Vikings stadium debate tiresome, not pointless
ST. PAUL, Minn. – Remember when the Minnesota state legislative session was going to end on April 30?
No? Understandable. In the early hours of May 10, the thing was still going full steam. April 30 was a hundred million fighting words ago, with a thousand speeches into teeny-tiny microphones and a parade of ill-fitting blazers separating now and then.
Yes, you do remember? More than likely you’re frustrated. You wanted an answer last week. You’re the sports fan who’s been force-fed politics since Monday, and both the endless debates and the sense that this is less about a stadium than about political reputations have left a bitter taste in your mouth.
Rightfully so. Approving stadiums, situations like the one that came to a head in St. Paul this week, are a painful process. They involve a new set of rules, rooms of quibbling representatives who, with their deliberations and arguments, serve as the legal versions of the most nit-picky referees. They involve day after day (after day after day) of arguing and speechifying, the salient and intelligent points lost in the fog of overreaching comparisons and unanswerable questions. By the end, opinions are set, but the debate continues. It is the worst kind of game.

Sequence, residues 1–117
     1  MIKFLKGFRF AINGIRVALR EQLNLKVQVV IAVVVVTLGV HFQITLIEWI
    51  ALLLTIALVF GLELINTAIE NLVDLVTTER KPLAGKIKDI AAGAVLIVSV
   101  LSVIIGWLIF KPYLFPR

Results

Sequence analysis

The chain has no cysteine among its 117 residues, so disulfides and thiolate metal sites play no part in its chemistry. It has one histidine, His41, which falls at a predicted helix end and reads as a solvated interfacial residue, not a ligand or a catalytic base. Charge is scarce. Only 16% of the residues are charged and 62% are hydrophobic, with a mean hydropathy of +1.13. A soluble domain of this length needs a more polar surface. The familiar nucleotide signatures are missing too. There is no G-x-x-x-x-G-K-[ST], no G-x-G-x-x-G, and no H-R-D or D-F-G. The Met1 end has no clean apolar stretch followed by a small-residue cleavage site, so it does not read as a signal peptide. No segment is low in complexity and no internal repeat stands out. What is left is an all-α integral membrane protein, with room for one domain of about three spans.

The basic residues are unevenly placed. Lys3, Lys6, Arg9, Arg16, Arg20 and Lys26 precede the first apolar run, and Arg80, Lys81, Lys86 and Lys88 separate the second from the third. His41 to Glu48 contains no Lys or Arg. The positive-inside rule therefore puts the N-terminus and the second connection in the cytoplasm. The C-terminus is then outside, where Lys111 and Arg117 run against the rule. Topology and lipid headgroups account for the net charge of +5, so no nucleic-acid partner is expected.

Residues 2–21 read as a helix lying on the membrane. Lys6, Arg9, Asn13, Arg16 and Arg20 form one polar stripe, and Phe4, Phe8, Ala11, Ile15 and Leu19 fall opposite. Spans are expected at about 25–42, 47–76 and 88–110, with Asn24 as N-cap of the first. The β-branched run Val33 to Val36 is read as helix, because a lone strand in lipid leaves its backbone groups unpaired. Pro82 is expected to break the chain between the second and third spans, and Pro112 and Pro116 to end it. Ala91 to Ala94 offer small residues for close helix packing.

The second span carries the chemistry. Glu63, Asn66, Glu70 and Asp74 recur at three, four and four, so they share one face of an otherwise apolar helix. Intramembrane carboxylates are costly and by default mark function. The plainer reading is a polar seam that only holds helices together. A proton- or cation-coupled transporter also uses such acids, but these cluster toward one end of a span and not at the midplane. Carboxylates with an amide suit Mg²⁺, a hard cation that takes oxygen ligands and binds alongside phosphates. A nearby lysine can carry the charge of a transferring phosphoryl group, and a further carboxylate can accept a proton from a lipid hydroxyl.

But with that said, to call it a game would be misleading. It’s a nine-step process, and seven of those methodical hurdles were cleared as of Thursday. The Senate’s yes vote on the amended $975 million stadium plan made resolution not yet complete but at least a foregone conclusion, and the suspense is likely finished.
Though founded, frustration and the “get it done now” attitude that echoed through the capitol and across the Internet this week, should be kept in check. The stakes were higher here, the winners and losers not the beneficiaries of million-dollar football contracts but rather the people of a state that will be responsible for fronting 51.1 percent of the bill for the Vikings’ new stadium. This was not something to be rushed.
This was a question of responsibility, and unlike several congressmen suggested, the threat of the Vikings leaving was not a hollow one. This wasn’t a fight between those who enjoy football and want their team in a nicer stadium and people who don’t; it was a tug-of-war between different principles and beliefs about how the stadium should be funded.
In a way, it all boils down to a point that Sen. John Howe, a Republican from Red Wing, made Thursday. “Everybody wants a yes vote,” he said. “Everybody wants a stadium, but at what cost?”